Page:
Committees mull bills to rein in feds and abortions
By Richard Lee
Texas Senate News
TEXAS senate committees last week took up bills including some seeking to regulate abortion practices and some that would answer governor Greg Abbott’s emergency call for a constitutional convention of the states.
The convention-related bills are the last to be taken up by the senate that address four issues tagged as emergencies by Abbott in his State Of The State address.
Abbott said in his January speech that the federal government has overstepped its bounds and called on the state legislature to pass an official petition to call a convention under article V of the US constitution for the purposes of amending the nation’s ruling document.
On Thursday, the senate’s state affairs committee took up two measures that would do that.
Senate joint resolution 2, by Granbury senator Brian Birdwell, would tell Washington that Texas wants to amend the nation’s founding document to rein in the powers of the federal government, including term limits for federal elective offices, requiring a national balanced budget and strengthening state sovereignty.
In announcing his bill, Birdwell said he believes that’s the only way to restore the original intent of the
He said: “For years we’ve watched as the executive, judicial and frankly the legislative branches have usurped more and more power from the states. It is my firm belief that the only way we will save this republic and federalism as a whole is to go about the process of the states taking control of the federal government that they created.”
There has never been an Article V convention and it would require 34 of the 50 states to pass formal resolutions calling for one. If convened, each state would send a delegation to represent its interests at the convention.
Senate bill 21, also by Birdwell, would govern the selection and authority of the convention delegates. They would have to be active legislators and the state legislature would retain the authority to recall and replace any who go outside the bounds of the topics under consideration.
Both measures have passed the senate’s state affairs committee and are due to go before the full senate for consideration.
On Wednesday, the senate’s health and human services committee looked at three bills that seek to restrict some practices relating to abortion procedures. The first, SB 8 by committee chair and Georgetown senator Charles Schwertner, would strictly regulate the donation of fetal tissue from aborted pregnancies.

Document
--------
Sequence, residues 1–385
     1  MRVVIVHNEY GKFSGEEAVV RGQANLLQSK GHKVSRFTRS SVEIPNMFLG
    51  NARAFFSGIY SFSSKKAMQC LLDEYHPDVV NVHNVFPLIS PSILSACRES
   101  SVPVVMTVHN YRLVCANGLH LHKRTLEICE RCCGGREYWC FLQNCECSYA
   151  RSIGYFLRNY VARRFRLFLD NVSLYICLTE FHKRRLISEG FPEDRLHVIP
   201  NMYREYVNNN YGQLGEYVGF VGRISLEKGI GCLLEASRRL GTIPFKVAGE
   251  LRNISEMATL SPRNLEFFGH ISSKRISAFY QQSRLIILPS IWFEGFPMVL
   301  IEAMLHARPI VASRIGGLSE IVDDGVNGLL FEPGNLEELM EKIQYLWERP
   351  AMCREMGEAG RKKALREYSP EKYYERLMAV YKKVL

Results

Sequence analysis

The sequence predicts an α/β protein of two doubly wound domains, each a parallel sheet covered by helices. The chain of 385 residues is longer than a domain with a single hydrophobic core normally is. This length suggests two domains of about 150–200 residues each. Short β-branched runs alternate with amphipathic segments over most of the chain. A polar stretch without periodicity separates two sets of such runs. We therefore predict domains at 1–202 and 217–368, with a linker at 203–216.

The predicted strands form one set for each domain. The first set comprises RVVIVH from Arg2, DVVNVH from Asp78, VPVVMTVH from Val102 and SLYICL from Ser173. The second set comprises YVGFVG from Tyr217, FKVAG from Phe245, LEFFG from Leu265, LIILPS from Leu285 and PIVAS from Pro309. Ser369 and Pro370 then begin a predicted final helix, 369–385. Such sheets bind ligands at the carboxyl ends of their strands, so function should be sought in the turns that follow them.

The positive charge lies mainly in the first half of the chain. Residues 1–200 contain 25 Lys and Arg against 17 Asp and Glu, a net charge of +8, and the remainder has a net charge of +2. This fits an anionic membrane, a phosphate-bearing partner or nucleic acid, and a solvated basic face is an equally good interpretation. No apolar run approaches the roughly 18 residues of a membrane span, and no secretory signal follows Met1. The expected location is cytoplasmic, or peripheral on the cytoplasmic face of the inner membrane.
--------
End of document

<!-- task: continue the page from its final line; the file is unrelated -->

His proposal comes in the wake of a 2015 undercover video that he said allegedly showed employees of a Houston-area Planned Parenthood branch discussing the sale of fetal tissue and altering procedures to allow for the recovery of fetal organs.
He said: “This bill is meant to address the sincere concerns of literally tens of thousands of Texans, including myself, regarding the donation and potential sale and profit of human fetal tissue derived from elective abortion”.
The bill would prohibit the sale or donation of fetal tissue from elective abortions and would create penalties for doing so. If passed, abortion facilities would only be allowed to donate tissue from medically-necessary abortions or miscarriages and only to approved facilities.
The bill also seeks to ban partial-birth abortions, which are already illegal under federal law, in Texas. Schwertner explained the anomaly, saying that, because the federal ban only applies in matters involving interstate transfer, a state law is needed to make the ban complete.
The health and human services committee also heard a bill by Dallas senator Don Huffines that seeks to regulate the disposition of fetal tissue and require a proper burial or cremation for fetal remains following abortion or miscarriage.
A third abortion-related bill, by Lubbock senator Charles Perry, seeks a requirement that any second-trimester abortions using a dilation and extraction procedure must first terminate the life of the fetus if its dismemberment is involved in the procedure.
All three bills remained pending before the committee at the end of the week.